And though that might sound inspiring, the question was always rooted in dissatisfaction; born from a sense of discontent.

The problem was that for most of my adult life, I had measured my own self-worth in terms of my career success. I figured if I accumulated enough wins, I would someday prove my worth and feel valuable.

But that day never came. I had spent my entire career seeking the one success that would finally tip the scales in my favor, and my efforts had morphed into an obsession.

Before long, it was taking a serious toll on my life.

No surprise, then, that in the hours following my single greatest career achievement, the question appeared again.

“Now what?” 


Fast-tracking to success

In the year prior, I had accepted a position working as a strength and conditioning coach with Navy SEALs. Although walking away from a decade-long career in college athletics was scary, it was an opportunity I couldn’t pass up.

It meant a chance to use my talents and experience to work toward something bigger than myself; a chance to serve those who served this nation.

During my time with the SEALs, I prepared them mentally and physically for the rigors of combat. Like the previous athletes before them, I trained them to be faster, stronger, more capable, and more resilient than their adversaries.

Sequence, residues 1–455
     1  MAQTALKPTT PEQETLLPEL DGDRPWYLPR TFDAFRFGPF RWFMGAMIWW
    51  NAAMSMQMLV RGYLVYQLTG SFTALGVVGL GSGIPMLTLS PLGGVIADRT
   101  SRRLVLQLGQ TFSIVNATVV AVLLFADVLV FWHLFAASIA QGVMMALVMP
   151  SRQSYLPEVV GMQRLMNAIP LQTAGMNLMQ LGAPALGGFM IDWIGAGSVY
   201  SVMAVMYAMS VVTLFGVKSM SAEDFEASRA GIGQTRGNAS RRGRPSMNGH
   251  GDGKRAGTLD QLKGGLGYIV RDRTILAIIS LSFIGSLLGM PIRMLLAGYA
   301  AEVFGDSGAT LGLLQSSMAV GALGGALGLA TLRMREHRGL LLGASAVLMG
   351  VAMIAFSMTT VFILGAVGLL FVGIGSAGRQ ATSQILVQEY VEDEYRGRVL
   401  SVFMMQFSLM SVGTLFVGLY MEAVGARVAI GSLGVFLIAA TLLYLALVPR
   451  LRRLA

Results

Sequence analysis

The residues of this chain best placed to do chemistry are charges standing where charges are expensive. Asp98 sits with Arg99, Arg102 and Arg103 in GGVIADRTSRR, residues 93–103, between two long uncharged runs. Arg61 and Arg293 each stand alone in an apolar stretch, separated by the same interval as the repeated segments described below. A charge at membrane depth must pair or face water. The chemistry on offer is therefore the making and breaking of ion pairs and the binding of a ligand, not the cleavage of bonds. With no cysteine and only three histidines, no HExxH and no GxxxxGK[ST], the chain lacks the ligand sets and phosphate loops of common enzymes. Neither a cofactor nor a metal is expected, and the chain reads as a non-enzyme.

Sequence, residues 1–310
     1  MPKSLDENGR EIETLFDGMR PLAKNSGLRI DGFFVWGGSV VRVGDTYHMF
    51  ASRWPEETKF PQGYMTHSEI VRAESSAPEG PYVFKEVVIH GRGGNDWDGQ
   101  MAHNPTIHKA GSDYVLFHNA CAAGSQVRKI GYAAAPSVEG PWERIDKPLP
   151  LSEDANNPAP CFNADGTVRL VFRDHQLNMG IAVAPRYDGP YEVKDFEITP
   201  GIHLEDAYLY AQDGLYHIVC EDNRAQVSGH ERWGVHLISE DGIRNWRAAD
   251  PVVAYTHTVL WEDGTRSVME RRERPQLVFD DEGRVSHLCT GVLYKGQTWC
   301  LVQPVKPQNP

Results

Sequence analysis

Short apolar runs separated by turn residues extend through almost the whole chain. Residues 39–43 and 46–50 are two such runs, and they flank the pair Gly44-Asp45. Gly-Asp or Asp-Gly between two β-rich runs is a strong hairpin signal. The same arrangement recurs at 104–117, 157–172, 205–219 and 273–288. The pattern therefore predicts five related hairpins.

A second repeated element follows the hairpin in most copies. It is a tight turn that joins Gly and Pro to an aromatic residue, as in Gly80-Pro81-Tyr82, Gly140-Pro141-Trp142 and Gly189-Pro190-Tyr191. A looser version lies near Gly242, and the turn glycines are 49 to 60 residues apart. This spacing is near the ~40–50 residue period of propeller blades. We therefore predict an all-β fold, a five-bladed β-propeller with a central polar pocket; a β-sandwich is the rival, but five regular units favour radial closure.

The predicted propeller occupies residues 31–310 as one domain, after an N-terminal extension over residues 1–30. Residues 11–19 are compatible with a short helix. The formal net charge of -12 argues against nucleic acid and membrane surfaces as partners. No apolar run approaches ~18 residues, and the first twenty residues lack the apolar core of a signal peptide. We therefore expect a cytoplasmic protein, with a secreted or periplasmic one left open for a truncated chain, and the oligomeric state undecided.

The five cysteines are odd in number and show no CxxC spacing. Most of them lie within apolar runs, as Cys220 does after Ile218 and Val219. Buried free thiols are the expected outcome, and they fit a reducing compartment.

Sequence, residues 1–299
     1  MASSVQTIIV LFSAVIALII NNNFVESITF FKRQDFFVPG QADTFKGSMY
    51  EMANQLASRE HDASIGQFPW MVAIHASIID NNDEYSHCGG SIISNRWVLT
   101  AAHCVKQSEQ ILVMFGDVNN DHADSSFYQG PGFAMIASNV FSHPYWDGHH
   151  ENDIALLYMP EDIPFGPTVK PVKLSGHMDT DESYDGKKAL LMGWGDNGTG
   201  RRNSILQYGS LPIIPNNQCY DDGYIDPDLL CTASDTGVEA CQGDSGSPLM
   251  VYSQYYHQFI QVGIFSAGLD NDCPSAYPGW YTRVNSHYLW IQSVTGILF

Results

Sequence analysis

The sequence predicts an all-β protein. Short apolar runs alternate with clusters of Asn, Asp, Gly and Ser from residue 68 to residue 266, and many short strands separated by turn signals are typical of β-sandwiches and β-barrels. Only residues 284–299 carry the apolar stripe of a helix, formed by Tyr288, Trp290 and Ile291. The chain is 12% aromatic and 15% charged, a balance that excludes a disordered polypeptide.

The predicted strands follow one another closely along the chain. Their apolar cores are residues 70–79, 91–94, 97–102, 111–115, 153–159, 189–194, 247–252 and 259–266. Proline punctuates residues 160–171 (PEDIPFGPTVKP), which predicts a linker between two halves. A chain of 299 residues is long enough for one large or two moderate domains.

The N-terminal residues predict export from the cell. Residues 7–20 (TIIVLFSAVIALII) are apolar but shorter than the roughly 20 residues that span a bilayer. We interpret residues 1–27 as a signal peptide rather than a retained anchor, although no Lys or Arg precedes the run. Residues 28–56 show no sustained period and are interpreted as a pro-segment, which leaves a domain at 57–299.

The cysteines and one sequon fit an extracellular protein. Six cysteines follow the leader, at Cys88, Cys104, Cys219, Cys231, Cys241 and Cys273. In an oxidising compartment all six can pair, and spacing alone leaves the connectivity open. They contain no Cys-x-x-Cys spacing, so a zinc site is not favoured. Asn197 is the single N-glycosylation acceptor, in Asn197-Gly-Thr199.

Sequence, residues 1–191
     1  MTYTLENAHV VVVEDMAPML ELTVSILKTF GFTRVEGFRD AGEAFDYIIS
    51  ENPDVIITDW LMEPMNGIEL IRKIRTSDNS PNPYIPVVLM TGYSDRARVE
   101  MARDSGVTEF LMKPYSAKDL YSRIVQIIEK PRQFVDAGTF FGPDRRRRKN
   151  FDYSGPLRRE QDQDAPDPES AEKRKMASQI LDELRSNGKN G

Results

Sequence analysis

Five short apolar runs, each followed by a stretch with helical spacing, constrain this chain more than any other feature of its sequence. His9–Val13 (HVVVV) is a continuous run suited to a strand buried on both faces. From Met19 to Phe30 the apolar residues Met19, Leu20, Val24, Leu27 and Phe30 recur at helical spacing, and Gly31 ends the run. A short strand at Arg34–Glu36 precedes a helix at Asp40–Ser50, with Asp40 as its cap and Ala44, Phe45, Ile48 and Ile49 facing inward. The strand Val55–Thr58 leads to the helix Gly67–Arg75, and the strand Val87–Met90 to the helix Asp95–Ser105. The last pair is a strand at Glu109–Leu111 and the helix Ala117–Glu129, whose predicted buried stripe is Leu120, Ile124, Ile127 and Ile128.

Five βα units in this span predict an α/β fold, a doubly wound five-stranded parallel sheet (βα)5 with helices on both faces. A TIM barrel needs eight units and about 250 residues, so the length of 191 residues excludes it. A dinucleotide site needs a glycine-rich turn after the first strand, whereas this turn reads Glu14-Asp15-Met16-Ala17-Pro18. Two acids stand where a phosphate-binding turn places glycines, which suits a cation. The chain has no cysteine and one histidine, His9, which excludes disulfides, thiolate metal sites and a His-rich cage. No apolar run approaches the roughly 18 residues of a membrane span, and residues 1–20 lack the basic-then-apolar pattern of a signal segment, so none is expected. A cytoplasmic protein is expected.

But despite being part of something bigger than myself, I still believed I didn’t deserve these opportunities. I was caught in a losing battle trying to prove my value to myself and the world.

So I did what I’d always done: I pushed harder and worked more.

And about a year into my new job, a text message in the wee hours of the morning affirmed the work I had done. It jolted me from my sleep and informed me that I had unknowingly been part of something big.

While I was sleeping, some of the SEALs I trained had scored a huge professional victory, and the stories of their success had made their way to the news.